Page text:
3) How can other philanthropy networks play a role in bridging philanthropy capital and mainstream development funding?

Philanthropy networks can play a very important role in:

  • Building awareness and motivation for broader and longer-term collaborations.
  • Researching, identifying and curating a pipeline of investment opportunities for philanthropic participation that leads to social and environmental impact and yet allows for economic returns that are reasonable in each context i.e. play the “honest broker” role as we do at the SDG Partnership Platform in Kenya.
  • Strengthen capacity across partners including local Government on how to grow and manage public-private partnerships.
  • Ensure trust, credibility, and accountability of partners including philanthropic players in these broader collaborations – create benchmarks for standards and requisite credibility.

4) What are the 3 most important lessons learned from your experience coordinating the SDG Partnership Platform in Kenya? What are the challenges for building lasting partnerships?

The first lesson is to build trust and add value for collaborations, making sure people feel it is a worthwhile investment that they should support, and by doing so they not only create wealth but also create SDG impacts. It is also important to learn how to balance diverse stakeholder expectations and incentives of partners keeping in mind your core mission. The third lesson is how to deliver and communicate results, being transparent, accountable and ensuring ensure data collection and management, which includes monitoring and impact evaluation.

Establishing lasting partnerships takes time and resources. It is crucial to manage the balance between making quick progress and getting results while simultaneously ensuring the needs of all. Another challenge is to assume a whole-country approach to ensure the most remote parts of the country receive attention and support from the government and development partners as well as private and philanthropic investors. Capacity is also one of the main difficulties because often local governments may not have the skilled staff to maintain investment partnerships, especially with the private sector.

5) How important was to build a cohesive narrative to engage the partners and funders for the Fund and the Platform?

Building a cohesive narrative is a crucial part of the process. One way to ensure support for the government is to align the narrative to support the Government agenda. In the case of SDGPP, it is to fully support the Government of Kenya’s “Big Four” agenda. This is extremely important because the government does not need parallel systems and fragmented approaches.

By doing so, it is possible to forge partnerships based on the common good and help the Government to maintain the lead. And having Government endorsement and buy-in at both national and sub-national (i.e. 47 Counties in Kenya) levels is also critical.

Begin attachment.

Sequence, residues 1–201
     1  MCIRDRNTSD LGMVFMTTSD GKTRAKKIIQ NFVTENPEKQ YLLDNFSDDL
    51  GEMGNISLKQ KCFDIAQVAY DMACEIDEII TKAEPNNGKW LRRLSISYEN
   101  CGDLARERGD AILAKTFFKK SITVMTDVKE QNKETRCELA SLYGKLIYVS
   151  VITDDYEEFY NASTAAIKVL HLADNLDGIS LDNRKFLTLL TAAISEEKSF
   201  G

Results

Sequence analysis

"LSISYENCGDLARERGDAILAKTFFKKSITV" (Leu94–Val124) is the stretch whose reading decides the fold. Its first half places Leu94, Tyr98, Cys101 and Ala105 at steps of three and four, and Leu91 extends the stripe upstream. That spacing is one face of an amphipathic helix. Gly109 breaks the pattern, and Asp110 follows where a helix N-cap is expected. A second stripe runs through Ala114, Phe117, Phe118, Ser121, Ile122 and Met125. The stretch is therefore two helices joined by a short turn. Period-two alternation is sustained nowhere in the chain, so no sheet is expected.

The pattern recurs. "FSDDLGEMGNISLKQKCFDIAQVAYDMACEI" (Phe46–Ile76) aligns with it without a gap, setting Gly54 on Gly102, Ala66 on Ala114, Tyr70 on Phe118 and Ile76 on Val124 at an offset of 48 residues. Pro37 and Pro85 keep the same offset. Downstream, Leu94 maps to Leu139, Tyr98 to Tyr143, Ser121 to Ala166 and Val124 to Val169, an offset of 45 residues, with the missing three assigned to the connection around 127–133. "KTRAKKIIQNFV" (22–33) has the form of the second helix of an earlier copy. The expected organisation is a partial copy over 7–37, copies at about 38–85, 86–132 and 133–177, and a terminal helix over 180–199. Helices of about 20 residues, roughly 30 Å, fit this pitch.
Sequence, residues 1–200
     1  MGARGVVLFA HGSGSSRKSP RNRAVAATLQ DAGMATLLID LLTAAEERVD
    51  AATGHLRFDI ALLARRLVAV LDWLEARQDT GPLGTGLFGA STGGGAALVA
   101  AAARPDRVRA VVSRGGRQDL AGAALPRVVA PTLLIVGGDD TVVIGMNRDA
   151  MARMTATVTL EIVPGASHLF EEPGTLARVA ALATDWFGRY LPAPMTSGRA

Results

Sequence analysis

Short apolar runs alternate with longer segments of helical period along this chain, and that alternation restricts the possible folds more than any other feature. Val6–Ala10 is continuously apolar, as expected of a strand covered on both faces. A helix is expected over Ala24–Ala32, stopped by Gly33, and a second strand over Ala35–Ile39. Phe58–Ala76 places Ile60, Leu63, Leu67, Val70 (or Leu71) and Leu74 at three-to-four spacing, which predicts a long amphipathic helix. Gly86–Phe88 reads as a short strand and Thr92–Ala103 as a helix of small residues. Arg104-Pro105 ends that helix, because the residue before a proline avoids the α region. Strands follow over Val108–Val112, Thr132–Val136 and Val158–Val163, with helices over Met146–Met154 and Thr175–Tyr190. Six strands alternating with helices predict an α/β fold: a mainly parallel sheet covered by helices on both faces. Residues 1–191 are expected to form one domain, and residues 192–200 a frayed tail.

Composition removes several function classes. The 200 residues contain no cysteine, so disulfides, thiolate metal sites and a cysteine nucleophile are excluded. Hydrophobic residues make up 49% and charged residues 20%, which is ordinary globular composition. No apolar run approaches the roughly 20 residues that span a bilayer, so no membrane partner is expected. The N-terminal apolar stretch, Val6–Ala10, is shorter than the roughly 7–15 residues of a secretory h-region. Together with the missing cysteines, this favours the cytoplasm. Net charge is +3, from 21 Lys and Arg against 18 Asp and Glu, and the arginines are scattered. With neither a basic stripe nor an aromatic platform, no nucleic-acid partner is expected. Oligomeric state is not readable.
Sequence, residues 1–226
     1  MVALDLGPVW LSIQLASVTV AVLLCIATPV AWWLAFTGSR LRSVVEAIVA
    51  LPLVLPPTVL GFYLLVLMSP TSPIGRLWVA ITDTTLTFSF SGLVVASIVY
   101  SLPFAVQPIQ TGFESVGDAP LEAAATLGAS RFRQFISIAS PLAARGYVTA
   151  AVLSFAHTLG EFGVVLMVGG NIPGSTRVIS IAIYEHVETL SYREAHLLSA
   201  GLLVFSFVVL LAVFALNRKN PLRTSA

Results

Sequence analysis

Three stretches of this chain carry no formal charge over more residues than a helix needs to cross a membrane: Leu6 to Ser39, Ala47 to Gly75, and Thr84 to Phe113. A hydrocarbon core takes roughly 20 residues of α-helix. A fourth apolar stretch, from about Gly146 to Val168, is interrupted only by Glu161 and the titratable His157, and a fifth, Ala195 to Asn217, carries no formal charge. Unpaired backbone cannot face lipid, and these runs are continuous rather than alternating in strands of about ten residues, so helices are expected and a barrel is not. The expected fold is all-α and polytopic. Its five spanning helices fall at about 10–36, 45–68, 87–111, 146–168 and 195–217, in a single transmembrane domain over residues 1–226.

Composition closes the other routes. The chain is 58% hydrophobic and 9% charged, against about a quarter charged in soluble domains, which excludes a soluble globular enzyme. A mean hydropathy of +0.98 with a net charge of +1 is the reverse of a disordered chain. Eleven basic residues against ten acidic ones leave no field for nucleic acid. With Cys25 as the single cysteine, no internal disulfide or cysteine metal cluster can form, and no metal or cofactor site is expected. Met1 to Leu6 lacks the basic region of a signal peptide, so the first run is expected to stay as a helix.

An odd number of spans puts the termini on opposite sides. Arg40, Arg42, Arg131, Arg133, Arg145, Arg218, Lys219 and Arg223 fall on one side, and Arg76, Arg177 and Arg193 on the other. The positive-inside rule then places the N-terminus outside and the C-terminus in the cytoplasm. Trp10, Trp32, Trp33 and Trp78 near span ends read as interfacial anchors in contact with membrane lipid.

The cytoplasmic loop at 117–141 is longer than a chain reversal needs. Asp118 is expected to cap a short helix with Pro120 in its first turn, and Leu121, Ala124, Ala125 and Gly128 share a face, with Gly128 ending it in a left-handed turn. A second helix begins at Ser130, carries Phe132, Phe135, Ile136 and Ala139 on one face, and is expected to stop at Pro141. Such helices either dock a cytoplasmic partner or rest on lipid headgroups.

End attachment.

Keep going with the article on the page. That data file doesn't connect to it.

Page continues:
It is therefore also important that philanthropy is part of a much broader and longer-term effort across multiple stakeholders to create long term investments and impacts that are systems based rather than mere pilots or what I call “short puffs of excellence” which die off after their funding runs out.

6) What are the upcoming plans from the SDGPP in Kenya?

We have to keep in mind that 2022 is not so far away, it is only four years away. So really, time is of the essence, and there’s a sense of urgency for action.

Concrete investment pipelines, unlocked from private and public capital are critical so that these collaborations and capital can catalyze many longer-term investments that will sustain themselves because they are linked to sustainable economic development initiatives.

The Platform connects, convenes and catalyzes supports to help identify the investment projects, builds local ownership and focuses on some of the most vulnerable areas within the country to result in building strong partnerships to scale up innovations to other parts of the country.

The plan in 2019 is to open up additional windows in the Platform to support thematic SDG clusters in support of Kenya’s “Big Four” agenda from UHC to Food & Nutrition Security currently and thereafter to Manufacturing & Skills Training as well as Affordable Housing.

The objective is to make this a multisectoral Platform that includes philanthropic and private sector participation, mobilizing funding and technical in-kind support for the Platform’s operations.

Let’s break the silos to make partnerships happen in a sustainable manner to ensure we leave no-one behind!

Resources

 

 

 


Circle Picture

 

 

Arif Neky

Senior Advisor for UN Strategic Partnerships and Coordinator of the SDG Partnership Platform (SDGPP) in Kenya.

Leave a Reply

Fill in your details below or click an icon to log in:

WordPress.com Logo

You are commenting using your WordPress.com account. Log Out /  Change )

Google photo

You are commenting using your Google account. Log Out /  Change )

Twitter picture

You are commenting using your Twitter account. Log Out /  Change )

Facebook photo

You are commenting using your Facebook account. Log Out /  Change )

Connecting to %s

This site uses Akismet to reduce spam. Learn how your comment data is processed.